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Why the UK is on lockdown; Iran pushes Biden on uranium levels

Ian Bremmer shares his perspective on global politics on this week's World In (More Than) 60 Seconds:

Why is the UK going on lockdown again?

I know. And it looks like six weeks to, this is the highest level of lockdown they do. And it's this new strain of coronavirus, which it's not more lethal, but it is much more infectious. And thank God all of the vaccines work equally well against it. But nonetheless, the vaccines are still very early stages in rolling out and coronavirus is a very robust stages of rolling out. So, you were getting greater levels of hospitalization right now in the UK than in their spring peak. The case levels were exploding and so they just shut it down. Germany is extending their lockdown and here in New York City, I just heard yesterday, we've got the first confirmed cases of the new strain. This is, it's not a game changer because the vaccines are the game changer and the vaccines are rolling out and as they do, we're going to feel very, very differently, but it does mean that explosive caseload and more hospitalizations, and indeed more people dying in the coming weeks is something we're going to have to gird ourselves for. But I still think, when you looked at our top risk piece this year, we didn't make coronavirus, the number one risk and it's because of the vaccines. Also, in the nature of this disease that really does focus so much of the mortality is in a very small percentage of the population, the most elderly and the most sick. And so, in just a few weeks, four, six weeks, when we get to 10% of the population in the US that's been vaccinated, suddenly you're going to have probably some 90% of the mortality taken out of the disease. You still have concerns about long COVID, you still have people that can be sick for a long time. But just think psychologically about how much we've all been carrying about just been worrying, the worry we've had of the people that we are close to who are in their high seventies or older, or already have medical conditions and we know that if they are to get this disease, they could very easily die. That is something we're not going to have to worry about in just a few more weeks. I think that's the game changer for 2021, frankly. That's a really good news story, so something that's worth mentioning.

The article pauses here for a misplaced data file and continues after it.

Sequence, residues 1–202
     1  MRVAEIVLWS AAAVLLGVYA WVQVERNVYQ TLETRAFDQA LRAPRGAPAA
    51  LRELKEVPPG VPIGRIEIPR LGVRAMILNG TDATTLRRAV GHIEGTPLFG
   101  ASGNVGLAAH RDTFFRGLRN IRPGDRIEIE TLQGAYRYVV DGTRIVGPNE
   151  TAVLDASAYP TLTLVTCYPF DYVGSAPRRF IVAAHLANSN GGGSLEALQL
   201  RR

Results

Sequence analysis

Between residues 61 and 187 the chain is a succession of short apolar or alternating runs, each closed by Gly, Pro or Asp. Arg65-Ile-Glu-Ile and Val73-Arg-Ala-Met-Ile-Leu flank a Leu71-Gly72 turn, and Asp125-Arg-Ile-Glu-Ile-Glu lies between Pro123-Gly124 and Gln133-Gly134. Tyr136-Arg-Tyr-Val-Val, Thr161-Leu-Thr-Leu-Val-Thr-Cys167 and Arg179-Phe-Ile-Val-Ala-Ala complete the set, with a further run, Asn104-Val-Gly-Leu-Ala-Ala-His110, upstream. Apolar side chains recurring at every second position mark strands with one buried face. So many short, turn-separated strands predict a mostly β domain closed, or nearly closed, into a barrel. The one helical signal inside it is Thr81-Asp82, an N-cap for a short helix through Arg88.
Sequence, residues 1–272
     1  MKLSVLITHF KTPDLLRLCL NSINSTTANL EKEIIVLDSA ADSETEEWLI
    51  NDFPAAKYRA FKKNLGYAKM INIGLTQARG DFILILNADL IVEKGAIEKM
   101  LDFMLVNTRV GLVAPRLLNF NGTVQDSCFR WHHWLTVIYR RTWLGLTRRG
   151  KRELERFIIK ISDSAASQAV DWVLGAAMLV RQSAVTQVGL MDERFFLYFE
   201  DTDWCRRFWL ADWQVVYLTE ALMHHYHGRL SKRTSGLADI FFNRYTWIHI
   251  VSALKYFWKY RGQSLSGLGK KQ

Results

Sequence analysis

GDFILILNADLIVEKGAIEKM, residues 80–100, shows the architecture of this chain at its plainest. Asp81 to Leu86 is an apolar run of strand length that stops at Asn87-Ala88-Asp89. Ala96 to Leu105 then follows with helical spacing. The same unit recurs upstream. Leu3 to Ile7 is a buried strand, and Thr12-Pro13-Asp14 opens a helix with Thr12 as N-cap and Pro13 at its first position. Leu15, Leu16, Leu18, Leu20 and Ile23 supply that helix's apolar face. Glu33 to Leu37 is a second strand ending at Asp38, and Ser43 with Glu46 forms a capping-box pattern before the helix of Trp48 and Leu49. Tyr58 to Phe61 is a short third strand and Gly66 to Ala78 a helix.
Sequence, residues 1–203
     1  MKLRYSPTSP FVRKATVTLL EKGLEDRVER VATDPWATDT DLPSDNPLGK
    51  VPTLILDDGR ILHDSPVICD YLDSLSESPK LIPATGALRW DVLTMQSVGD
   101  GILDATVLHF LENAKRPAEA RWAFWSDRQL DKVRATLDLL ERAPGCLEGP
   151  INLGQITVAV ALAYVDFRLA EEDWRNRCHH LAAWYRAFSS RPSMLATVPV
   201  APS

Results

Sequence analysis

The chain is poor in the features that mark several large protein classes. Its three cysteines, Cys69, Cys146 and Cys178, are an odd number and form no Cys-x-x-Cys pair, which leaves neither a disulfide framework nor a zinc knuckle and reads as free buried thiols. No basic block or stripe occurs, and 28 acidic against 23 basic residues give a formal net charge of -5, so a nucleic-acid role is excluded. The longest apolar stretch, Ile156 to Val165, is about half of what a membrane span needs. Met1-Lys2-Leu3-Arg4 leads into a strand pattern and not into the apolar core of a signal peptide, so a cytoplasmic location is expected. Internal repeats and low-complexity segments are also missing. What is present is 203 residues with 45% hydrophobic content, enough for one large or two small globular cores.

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Top Risks 2021

Every year, Eurasia Group, our parent company, produces its list of the top 10 geopolitical risks for the coming year. This year's report is authored by Eurasia Group's president, Ian Bremmer, and its chairman, Cliff Kupchan.

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Reviewing the Top Risks of 2020

On January 4, Eurasia Group, our parent company, will publish its annual forecast of the top ten global political risk stories. You'll get full coverage of the 2021 report right here in Signal.

But today we'll look back at the Top Risks list for 2020. You can read the full Eurasia Group report here and the brief summary I wrote for Signal here.

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Arab Winter

At the age of 10, Mohamed Bouazizi became the primary breadwinner for his family, and at age 26 he was earning his money by selling fruit and vegetables off a cart in the Tunisian town of Sidi Bouzid.

On December 17, 2010, local police confiscated his produce for the umpteenth time, but this time they also beat and humiliated him. Bouazizi walked to the town hall to try to get his vegetables back, but no one there would talk to him. He then walked outside, doused himself in gasoline, and lit himself on fire.

Satellite television and social media began beaming his story across the Middle East. By the time he died on January 4, 2011, protesters who understood the hopelessness and desperation that drove Bouazizi to suicide had filled Tunisian streets demanding change. Ten days later, strongman President Zine al-Abidine Ben Ali, in power for 23 years, was forced to resign. The protests spread to Egypt and then across the region.

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How a Biden presidency would approach the Middle East

If candidate Biden wins the presidential election will his approach to Afghanistan be all that different from President Trump's? Will he try to breathe life back into the Iran nuclear deal? Will he advocate for the Palestinians in a way that the Trump administration has not? And would he be able to revive America's image in the Middle East as being an "honest broker" (or was that perception ever really there in the first place?).

Anne-Marie Slaughter, who served as a top State Department official under President Obama, takes on all those questions in a lively interview with Ian Bremmer. The conversation was part of the latest episode of GZERO World. The episode begins airing nationally in the US on public television this Friday, October 23. Check local listings.

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